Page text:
News of widespread online spying by the National Security Agency has some open data proponents concerned about their image.
In recent years, many state and local governments have put effort into open data projects that would inspire developers to create apps and find ways to use public data to bring value to their communities. So news of PRISM, the National Security Agency’s (NSA) online spying tool leaked by former CIA employee Edward Snowden, angered a lot of people and began a debate about the role of open data.
Most people don’t like being spied on, but today the extent of PRISM’s capabilities is cloudy. Some reports say PRISM, which costs $20 million annually to operate, creates a copy of absolutely everything online. Not everyone agrees that this is the case, as it would require cooperation from companies like Google, Facebook, Yahoo, Microsoft, AOL and Apple, whose officials have come forward denying cooperation. But others point out that the same law that may require those companies to cooperate with the NSA may prohibit them from coming clean about their involvement.
Further confusion is added to the mix by the fact that $20 million is probably nowhere near the amount of funding needed to create a carbon copy of the Internet each year. According to a 2012 infographic created by business intelligence software firm DOMO, every 60 seconds, YouTube users upload 48 hours of video, 571 new websites are created, 3,125 Flickr photos are shared, 100,000 tweets are tweeted, and more than 204 million emails are sent. Multiply those figures by 525,600 (the number of minutes in a non-leap year) and that’s a lot of data to sift through.
The federal government doesn’t seem too excited about PRISM becoming public knowledge, but maintains that it’s being used to search for terrorists and spy on other countries, but these explanations leave a lot of questions unanswered. Concerns about constitutional violations persist despite the government's careful phrasing and assurances that PRISM has not been used to spy on citizens willy-nilly, as many reports are suggesting. In fact, the Patriot Act provides that the federal government doesn’t need to disclose the extent of its rights where spying is concerned, let alone the extent of the spying that is actually occurring or how long it has been happening.
To summarize, it’s known that PRISM is an Internet spying device, but who is being spied on, which organizations are involved and how it all works is largely a matter of conjecture at this point.
Some state and local government leaders are just hoping that this news doesn’t sour people on the idea of open data and the positive things it can do. Philadelphia Chief Data Officer Mark Headd pointed out that despite the controversy, PRISM shows how powerful data analytics tools are today. “We’ve never lived in a richer environment for that kind of thing,” Headd said. The same dynamic that made PRISM possible, he said, is the same dynamic that has allowed open data to flourish, but that’s where the similarities stop.
The idea that open data and spying are two sides of the same coin, an argument Headd has heard since the PRISM news broke, is ridiculous, he said. “The open data initiative has its foundation in transparency,” he said. The whole point of open data is to make government more transparent and more accountable, while PRISM wasn’t meant to become public at all. The intentions behind NSA spying and a city looking for a way to turn water usage data into an app aren’t similar.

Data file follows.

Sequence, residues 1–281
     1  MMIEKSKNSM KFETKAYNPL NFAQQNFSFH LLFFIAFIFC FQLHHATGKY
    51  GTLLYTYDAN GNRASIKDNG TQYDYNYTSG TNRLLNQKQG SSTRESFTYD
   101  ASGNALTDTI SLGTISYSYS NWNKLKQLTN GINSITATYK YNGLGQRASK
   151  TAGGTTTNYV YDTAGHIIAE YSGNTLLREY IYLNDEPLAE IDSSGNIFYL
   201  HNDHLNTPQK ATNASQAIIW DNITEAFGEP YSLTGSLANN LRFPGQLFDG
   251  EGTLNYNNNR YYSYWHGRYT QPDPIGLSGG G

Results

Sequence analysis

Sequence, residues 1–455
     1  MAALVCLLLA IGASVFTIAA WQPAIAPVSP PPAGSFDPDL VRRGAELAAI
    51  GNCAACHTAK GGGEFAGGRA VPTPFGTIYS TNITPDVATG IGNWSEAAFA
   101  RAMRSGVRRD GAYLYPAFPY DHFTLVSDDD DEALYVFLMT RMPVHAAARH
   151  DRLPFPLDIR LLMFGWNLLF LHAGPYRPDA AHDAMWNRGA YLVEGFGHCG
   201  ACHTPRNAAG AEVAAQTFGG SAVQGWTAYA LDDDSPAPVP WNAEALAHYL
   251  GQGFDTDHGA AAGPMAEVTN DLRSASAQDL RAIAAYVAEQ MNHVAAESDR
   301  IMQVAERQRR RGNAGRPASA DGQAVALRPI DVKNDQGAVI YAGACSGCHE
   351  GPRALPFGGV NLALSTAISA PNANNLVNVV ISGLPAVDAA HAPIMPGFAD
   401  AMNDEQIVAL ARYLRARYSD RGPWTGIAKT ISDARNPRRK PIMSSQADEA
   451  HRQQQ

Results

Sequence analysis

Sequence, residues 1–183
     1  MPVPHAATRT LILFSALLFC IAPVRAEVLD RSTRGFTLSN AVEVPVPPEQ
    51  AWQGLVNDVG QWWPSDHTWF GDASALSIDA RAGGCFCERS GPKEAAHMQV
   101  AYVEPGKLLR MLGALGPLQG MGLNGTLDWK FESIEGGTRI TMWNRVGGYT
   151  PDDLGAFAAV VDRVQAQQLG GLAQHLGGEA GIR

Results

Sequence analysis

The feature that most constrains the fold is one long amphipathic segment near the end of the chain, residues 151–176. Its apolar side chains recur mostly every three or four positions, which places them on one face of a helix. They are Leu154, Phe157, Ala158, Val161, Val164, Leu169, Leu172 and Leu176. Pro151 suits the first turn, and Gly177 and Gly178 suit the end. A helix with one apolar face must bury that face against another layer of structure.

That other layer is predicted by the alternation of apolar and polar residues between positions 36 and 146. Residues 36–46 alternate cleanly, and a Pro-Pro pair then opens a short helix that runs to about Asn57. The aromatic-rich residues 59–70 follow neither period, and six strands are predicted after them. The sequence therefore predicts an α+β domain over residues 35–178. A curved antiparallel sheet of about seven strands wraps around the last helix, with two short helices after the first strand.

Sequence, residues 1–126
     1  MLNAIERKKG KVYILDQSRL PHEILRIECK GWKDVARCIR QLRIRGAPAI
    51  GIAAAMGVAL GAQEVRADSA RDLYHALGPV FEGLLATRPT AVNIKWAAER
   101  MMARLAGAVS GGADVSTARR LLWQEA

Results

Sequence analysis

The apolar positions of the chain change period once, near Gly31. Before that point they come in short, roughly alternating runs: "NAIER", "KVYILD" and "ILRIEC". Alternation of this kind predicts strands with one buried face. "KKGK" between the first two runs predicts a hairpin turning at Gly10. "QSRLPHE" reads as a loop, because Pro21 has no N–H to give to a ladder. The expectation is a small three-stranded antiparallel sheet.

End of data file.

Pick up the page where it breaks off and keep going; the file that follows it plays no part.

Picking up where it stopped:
In Philadelphia, Headd said, they’re working with other major cities across the country to explore ways of sharing open data to gain efficiencies and learn more about how their communities function. It’s not about getting data that people value as private and sharing it, he said, it’s about using daily data that people are sharing anyway, and using that to help everyone.
“It’s a vast landscape of data that’s going on right now,” Headd said. “The news we’re hearing out of Washington about this program I think runs the risk of overshadowing a lot of the good work we’re doing to actually open government up and make it more transparent. And that’s really the key for us at the local level.”
Michael Powell, chief innovation officer of Maryland, agreed that there’s a big distinction between the type of data the NSA seems to be collecting and the type of data that states like his collect for open data programs.
In May, Maryland announced the launch of its open data Web portal. “The kind of data we have that we really like are things like sewer overflows from over 10 or 15 years of recording that data. That’s important to environmentalists. We have vehicle collisions that the state police respond to. We’ve got vendor payments. None of this stuff is personally identifiable,” he said. “I mean, it’s pretty benign.”
In fact, Powell said, people probably know what information their state government has about them because they gave it to the state themselves. Sensitive and personally identifiable information like tax records, revenue records and health records are kept private and the state considers it an important responsibility to keep those things private, he said.
“We have safeguards in place to make sure that’s not the kind of stuff we’re sharing. That’s our big concern,” he said. “We’d like our efforts in open data to be successful and the thing that would stop it in its tracks is if we shared stuff we shouldn’t share. We take it as a big responsibility of ours to first of all not share, but also to put security measures in place so it doesn’t get in the wrong hands.”
Open data is about making data that is supposed to be public anyway easier to access, Powell said. “Almost exclusively, when we talk about open data and the data the state of Maryland is making available, people want more of it, not less.”
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